Senator Arlen Specter of Pennsylvania challenged President Obama last week on behalf of steel workers, and helped underscore the administration's ambivalence about trade.
During a public meeting between the president and Senate Democrats, Mr. Specter asked whether Mr. Obama would upend existing agreements with China in response to trade policies in Beijing that he said amounted to "international banditry."
"Arlen, I would not," the president replied. "What I don't want is for us as a country, or as a party, to shy away from the prospects for international competition."
But Mr. Obama also noted his "much tougher" line than his Republican predecessor on enforcing existing trade agreements -- including slapping tariffs on imported Chinese tires.
It is little wonder that Mr. Obama's message on trade has gotten muddled.
Like every president of the last generation, he has maintained the rhetorical embrace of free trade. But even as he insists that Washington cannot afford to wait for a new health care system, energy policy or set of Wall Street regulations, Mr. Obama has been willing to wait on asking Congress to approve pending trade deals.
Given the opposition from his labor union allies, that stance conserves Mr. Obama's political capital at a time when so many other priorities hang in the balance on Capitol Hill.
But it also undercuts Mr. Obama's top priority: reducing the nation's 9.7 percent unemployment rate. And as a result, even some fellow Democrats believe that Mr. Obama is leaving new jobs on the table.
The last Democrat in the Oval Office before Mr. Obama made trade the center of his economic agenda: Bill Clinton, in his first year in office, bucked union opposition to win passage of the North American Free Trade Agreement, with help from Congressional Republicans.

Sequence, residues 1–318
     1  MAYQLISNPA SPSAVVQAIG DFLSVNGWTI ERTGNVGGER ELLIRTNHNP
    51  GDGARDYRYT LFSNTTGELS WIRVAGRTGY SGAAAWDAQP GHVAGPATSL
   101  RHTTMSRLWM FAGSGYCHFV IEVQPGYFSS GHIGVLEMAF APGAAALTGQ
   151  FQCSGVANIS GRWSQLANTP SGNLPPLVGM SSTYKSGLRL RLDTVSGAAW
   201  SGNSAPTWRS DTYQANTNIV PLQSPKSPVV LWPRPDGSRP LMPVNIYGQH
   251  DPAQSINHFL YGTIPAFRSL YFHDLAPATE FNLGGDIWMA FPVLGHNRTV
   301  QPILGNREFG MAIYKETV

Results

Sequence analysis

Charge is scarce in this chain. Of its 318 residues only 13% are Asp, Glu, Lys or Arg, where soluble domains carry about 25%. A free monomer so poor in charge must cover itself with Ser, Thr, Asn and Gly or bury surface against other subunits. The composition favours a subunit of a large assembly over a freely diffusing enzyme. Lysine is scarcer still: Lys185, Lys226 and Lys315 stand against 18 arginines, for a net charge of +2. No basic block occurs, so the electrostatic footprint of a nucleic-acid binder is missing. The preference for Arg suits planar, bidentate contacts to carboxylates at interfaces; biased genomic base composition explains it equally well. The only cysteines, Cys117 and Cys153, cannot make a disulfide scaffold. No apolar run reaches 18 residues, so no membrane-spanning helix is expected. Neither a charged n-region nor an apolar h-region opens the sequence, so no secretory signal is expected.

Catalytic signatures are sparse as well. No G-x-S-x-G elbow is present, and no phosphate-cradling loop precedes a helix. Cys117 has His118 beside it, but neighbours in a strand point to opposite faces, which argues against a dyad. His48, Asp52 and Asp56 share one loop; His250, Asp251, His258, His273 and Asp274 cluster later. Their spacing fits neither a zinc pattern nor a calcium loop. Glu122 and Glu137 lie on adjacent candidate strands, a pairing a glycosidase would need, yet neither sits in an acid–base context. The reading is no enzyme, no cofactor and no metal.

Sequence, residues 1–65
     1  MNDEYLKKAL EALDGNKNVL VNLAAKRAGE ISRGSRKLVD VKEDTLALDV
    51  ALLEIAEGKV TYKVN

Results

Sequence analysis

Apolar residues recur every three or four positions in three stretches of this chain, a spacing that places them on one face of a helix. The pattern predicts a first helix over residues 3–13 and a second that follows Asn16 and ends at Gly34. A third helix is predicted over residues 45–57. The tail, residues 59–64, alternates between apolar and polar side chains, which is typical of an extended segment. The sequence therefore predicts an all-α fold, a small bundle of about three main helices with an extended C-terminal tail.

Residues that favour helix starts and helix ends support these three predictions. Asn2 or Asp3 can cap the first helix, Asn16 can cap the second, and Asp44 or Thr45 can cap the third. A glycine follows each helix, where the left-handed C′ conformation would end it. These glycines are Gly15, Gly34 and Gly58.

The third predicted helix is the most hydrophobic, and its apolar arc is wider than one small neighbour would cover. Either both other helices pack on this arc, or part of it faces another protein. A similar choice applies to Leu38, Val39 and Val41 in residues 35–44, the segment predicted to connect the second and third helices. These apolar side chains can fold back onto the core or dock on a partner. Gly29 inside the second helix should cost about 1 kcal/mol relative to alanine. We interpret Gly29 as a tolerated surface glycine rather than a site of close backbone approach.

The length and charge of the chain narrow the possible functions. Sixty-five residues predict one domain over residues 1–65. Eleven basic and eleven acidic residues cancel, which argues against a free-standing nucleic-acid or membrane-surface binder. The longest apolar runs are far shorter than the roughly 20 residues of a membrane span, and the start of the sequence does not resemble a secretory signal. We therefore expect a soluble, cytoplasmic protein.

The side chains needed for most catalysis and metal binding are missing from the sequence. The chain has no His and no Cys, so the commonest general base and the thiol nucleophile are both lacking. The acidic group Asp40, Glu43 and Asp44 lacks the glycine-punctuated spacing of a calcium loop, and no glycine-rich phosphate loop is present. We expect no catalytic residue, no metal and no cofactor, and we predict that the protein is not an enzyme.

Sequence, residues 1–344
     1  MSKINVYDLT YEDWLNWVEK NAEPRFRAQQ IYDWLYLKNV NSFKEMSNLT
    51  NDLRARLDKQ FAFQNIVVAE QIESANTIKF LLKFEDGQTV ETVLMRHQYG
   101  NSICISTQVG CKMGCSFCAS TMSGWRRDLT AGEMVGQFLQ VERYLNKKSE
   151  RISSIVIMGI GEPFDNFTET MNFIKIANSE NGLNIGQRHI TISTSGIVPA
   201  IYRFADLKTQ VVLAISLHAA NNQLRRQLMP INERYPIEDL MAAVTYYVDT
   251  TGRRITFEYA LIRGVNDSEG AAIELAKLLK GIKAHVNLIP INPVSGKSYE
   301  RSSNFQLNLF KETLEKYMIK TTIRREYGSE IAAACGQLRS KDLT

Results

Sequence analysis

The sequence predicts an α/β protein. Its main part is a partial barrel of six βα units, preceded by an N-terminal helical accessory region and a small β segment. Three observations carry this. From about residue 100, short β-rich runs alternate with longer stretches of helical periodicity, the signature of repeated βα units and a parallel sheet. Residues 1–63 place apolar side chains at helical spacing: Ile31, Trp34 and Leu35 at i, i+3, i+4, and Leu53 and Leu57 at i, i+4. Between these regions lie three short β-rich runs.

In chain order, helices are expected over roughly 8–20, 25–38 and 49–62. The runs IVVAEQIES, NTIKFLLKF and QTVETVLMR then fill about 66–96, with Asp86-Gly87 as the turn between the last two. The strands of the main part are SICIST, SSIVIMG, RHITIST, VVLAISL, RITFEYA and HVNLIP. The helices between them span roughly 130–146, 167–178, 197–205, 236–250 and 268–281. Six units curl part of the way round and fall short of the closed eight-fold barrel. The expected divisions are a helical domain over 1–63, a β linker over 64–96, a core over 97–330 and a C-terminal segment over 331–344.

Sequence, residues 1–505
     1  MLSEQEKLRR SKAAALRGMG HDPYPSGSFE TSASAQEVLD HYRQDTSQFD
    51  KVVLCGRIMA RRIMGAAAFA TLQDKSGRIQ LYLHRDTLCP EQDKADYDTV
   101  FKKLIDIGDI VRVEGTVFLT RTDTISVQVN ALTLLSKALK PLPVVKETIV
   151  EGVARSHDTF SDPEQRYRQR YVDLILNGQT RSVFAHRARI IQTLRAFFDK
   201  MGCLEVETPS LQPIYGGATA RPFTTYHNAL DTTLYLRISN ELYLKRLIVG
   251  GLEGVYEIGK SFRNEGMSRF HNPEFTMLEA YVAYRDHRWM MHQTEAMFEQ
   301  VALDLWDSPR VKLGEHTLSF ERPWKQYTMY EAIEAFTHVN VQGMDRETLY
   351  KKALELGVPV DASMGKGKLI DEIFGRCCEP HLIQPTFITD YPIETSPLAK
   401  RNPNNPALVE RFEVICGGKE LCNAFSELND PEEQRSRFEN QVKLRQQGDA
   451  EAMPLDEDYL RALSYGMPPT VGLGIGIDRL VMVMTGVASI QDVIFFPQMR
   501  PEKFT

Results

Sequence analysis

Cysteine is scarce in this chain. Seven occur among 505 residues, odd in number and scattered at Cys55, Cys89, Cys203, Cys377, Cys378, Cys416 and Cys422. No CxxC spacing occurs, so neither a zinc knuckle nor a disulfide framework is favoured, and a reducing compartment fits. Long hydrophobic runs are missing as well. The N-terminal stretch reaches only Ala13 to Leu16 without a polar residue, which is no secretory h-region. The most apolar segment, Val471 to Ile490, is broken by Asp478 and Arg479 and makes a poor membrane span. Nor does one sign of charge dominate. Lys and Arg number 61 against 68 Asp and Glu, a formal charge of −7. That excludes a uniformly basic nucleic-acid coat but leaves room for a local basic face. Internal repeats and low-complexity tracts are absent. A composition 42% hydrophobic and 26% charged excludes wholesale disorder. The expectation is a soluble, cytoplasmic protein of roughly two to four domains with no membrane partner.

Mr. Obama, by contrast, has sent mixed signals since the 2008 Democratic primaries. While candidate Obama courted blue-collar votes by criticizing Nafta, his economic adviser Austan Goolsbee was depicted in a Canadian official's government memorandum as having privately ascribed such rhetoric to political maneuvering.
As president, Mr. Obama has not moved to renegotiate Nafta. The administration recently tempered the impact of "Buy America" provisions in last year's economic stimulus legislation by agreeing to treat Canadian companies the same as American ones on some projects.
And in his State of the Union address, Mr. Obama embraced a goal espoused by the U.S. Chamber of Commerce: doubling American exports in the next five years, which the administration says would create two million jobs.
Commerce Secretary Gary Locke last week laid out details of the initiative, including promotional, logistical and financing help for small and medium businesses. "A positive sign," said Myron Brilliant, a trade analyst at the chamber.
Yet the administration has still not resolved the longstanding dispute that is keeping long-haul Mexican trucks out of the United States, despite what is called for by Nafta. The Teamsters union has resisted that step, on safety grounds.
Nor has Mr. Obama asked Congress to ratify three trade agreements negotiated during the Bush administration, with Colombia, Panama and South Korea. His negotiators continue to seek more concessions -- in the case of South Korea, better terms for American auto companies.
"The administration is not interested in putting forth an agreement that's unfair to U.S. companies," Mr. Locke said in an interview.
Pressure All Around
Mr. Obama was also pressed on trade in his recent public meeting with House Republicans -- but from the opposite direction. Representative Peter Roskam of Illinois blamed Democratic resistance in Congress for blocking the "no-cost job creation" that those pending trade deals would bring, and asked the president whether he would work with Republicans to push those deals through.
"You're right, there are conflicts within and fissures within the Democratic Party," Mr. Obama acknowledged. But he remained vague on next steps.
If that tentativeness avoids a fight with organized labor, it may also conflict with Mr. Obama's larger economic goals.
Unless the South Korea, Panama and Colombia trade deals are implemented, "the president will have no hope at all of keeping his promise to create two million new jobs," said Jim Bacchus, a trade lawyer, former Democratic congressman from Florida and onetime World Trade Organization official.
Chamber officials calculated that failure to implement those agreements would cost the economy 383,400 jobs. But they remained hopeful that, eventually, the White House would move forward rather than abandon them.
"I think the administration will wait until the political environment is a little bit better, which means after the midterms," said Mr. Brilliant, the chamber trade analyst. "The words are encouraging, but we need action."